Navigating the European Court of Justice stance on GMOs
Posted 11th March 2019 by Joshua Broomfield
“The breeder’s dream is, of course, of an agency which would enable him to produce at will a particular kind of mutation uncontaminated by others which would merely be a nuisance to him….”
“There is as yet no indication from genetics of how, or even whether, this could be done… The dream of directed mutation as a tool in stock and crop improvement is still very much a dream”
These words were part of a lecture given by the well-known geneticist Kenneth Mather at the John Innes Institute in 1960. Now, after more than 50 years of research, his dream of directed mutation has become a reality.
So much so that the potential of these methods to modify the existing genome of plants and animals for the benefit of farming was included in a recent speech given by Michael Gove, the UK Secretary of State at the Department of Food and Rural Affairs, to the annual conference of the British National Farmers Union held in Birmingham.
However, whether this potential will be realized with the UK is very uncertain. This uncertainty is not based on any lack of progress with the basic science, but rather with the associated regulatory environment.
In the USA, and many other parts of the globe, gene editing is considered a form of directed mutation, just like Mather wished for in 1960, and not a form of genetic modification (GM). Indeed the list of gene-edited products that are under development in the USA and not deemed to be GM expands rapidly. The most recent example to be granted this non-GM status by the United States Department of Agriculture Animal and Plant Health Inspection Service (USDA APHIS: Am I Regulated Letter of Inquiry: USDA APHIS: Response) is gene-edited non-browning lettuce being developed by Intrexon and designed to reduce food waste.
In Europe, the regulatory situation is very different. In a well-known and far-reaching decision, the European Court of Justice announced in July 2018 that they considered the new breeding technique of gene-editing, despite its precision, should be regulated as a form of GM rather than mutagenesis. “Traditional” chemical or radiation induced mutagenesis were always excluded from the EU GM regulations (Annex 1B), and the ECJ decision allows this status to be maintained. Therefore precision and efficiency have been penalized.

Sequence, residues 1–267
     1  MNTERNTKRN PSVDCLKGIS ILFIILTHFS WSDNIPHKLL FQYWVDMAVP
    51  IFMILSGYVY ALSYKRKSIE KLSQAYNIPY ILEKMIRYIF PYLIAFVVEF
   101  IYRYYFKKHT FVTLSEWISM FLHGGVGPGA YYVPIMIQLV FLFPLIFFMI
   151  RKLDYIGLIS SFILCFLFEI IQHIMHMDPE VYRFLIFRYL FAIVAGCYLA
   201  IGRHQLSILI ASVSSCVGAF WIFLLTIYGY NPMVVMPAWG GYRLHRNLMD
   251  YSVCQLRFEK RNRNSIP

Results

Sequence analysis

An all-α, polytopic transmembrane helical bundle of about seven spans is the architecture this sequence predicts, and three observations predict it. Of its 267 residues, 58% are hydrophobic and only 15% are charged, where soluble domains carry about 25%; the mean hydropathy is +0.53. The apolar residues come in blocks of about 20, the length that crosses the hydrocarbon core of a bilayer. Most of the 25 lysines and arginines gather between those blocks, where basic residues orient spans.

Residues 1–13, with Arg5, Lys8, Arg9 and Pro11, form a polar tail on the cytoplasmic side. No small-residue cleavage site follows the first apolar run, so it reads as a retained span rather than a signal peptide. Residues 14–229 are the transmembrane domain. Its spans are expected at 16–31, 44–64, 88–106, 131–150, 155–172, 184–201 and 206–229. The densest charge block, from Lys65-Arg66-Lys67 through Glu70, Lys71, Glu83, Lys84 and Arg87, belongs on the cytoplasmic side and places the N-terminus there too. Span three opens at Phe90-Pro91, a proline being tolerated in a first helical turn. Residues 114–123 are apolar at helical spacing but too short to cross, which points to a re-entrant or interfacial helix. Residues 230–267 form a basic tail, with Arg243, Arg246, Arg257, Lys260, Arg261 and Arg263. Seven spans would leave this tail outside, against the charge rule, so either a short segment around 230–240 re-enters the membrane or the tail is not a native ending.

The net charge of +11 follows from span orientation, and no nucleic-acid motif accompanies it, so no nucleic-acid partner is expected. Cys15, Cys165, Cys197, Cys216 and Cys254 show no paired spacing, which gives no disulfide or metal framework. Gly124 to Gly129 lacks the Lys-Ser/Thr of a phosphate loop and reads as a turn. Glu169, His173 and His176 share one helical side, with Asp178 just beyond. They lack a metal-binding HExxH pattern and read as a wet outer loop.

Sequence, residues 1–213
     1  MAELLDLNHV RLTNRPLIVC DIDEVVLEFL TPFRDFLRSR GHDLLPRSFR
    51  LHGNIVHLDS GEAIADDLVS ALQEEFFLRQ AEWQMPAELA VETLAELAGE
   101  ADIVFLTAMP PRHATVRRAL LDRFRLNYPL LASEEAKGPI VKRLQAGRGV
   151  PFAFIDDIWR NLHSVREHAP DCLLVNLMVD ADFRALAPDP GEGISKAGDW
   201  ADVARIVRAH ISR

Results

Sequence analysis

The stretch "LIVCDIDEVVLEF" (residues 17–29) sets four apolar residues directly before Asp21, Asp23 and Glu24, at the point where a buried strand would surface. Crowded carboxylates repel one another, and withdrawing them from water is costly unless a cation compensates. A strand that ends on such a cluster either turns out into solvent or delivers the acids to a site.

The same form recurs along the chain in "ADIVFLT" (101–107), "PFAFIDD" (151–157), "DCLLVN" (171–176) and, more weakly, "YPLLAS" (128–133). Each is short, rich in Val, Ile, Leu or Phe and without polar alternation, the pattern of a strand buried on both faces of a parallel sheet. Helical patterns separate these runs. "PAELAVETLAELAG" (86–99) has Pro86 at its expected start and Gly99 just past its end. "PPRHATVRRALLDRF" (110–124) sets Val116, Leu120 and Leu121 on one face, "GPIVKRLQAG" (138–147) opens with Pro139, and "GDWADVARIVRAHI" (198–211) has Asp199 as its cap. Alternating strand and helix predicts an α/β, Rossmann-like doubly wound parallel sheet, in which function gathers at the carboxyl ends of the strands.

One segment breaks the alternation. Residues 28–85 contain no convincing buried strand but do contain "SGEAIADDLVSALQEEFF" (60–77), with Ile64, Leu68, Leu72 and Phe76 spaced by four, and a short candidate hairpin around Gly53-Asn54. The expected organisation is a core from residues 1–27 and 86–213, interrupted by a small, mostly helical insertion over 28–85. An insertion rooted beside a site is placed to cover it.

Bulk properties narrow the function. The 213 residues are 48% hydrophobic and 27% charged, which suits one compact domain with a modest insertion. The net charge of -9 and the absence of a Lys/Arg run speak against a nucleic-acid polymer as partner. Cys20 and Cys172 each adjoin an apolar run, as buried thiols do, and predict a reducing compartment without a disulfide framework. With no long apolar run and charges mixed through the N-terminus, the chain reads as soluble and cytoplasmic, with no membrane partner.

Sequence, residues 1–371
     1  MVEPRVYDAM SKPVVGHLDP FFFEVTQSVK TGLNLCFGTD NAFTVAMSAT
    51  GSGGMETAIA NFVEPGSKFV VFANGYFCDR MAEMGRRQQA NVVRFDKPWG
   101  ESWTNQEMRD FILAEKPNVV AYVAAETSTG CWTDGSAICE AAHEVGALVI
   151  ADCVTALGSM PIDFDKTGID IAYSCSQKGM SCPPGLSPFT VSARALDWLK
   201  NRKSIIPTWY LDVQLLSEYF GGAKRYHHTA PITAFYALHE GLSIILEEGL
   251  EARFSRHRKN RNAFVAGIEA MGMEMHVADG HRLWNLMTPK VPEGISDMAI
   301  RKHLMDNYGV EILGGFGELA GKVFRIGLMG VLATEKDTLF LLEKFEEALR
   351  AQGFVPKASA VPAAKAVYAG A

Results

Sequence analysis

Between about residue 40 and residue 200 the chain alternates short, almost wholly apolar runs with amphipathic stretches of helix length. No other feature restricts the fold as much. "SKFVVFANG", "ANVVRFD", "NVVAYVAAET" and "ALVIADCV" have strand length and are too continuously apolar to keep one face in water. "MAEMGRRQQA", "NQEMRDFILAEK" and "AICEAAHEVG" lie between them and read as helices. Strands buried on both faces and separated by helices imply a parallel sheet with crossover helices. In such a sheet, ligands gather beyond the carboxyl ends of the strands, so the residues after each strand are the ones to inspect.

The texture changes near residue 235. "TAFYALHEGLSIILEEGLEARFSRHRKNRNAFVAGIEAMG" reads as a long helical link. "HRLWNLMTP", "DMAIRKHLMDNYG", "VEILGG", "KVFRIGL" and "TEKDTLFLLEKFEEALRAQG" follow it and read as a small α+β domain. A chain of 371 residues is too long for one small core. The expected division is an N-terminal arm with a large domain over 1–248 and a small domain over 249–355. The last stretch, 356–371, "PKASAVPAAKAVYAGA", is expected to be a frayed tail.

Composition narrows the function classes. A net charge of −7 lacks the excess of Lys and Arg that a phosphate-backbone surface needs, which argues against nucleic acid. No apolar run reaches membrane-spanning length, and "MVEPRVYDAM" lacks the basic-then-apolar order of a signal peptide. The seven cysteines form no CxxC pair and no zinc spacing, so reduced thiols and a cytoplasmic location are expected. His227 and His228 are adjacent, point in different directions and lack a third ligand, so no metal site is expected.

Not surprisingly, this decision met with much criticism from the industry. For example, the European Seed Association Secretary General responded “It is now likely that much of the potential of these innovative methods will be lost for Europe – with significant negative economic and environmental consequences. That strikes a serious blow to European agriculture and plant science”.
More recently, in November 2018 the European Commission’s Chief Scientific Advisors published a statement on the regulation of gene editing, in which they concluded: “that the GMO Directive should be revised to reflect current knowledge and scientific evidence, and as part of a broad dialogue with relevant stakeholders and the public at large.”
Of course, the other dominant area of uncertainty is Brexit and whether perhaps the UK should use its new status (assuming an exit agreement is reached) to rewrite the regulations surrounding these new breeding techniques. The options for retaining the status quo or moving to a new legislative system post Brexit were considered in a report commissioned by the Agricultural Biotechnology and published in September 2019. This report explores the context of UK commercial agbiotech and gives a detailed analysis of the various future options.
To conclude, it is unlikely that any change in the EU legislation will take place in the near future, with a new EU Parliament and Commission due to be appointed later this year, and dependent upon the UK Brexit decision we will be bound by EU rules during any interim period prior to finally leaving. Notably, the WTO stance in this area, which they describe as “precision biotechnology” supports the US position.
A useful summary of the several issues raised above can be found here.
Jim Dunwell is Professor in the School of Agriculture, Policy, and Development at Reading University. He will be joining us to discuss the European Court of Justice ruling on GMOs at the 7th Plant Genomics & Gene Editing Congress: Europe.
Latest insights on the role of soil and plant microbiomes are on offer at the 7th Plant Genomics & Gene Editing Congress: Europe. To see what you could learn, download the agenda today!
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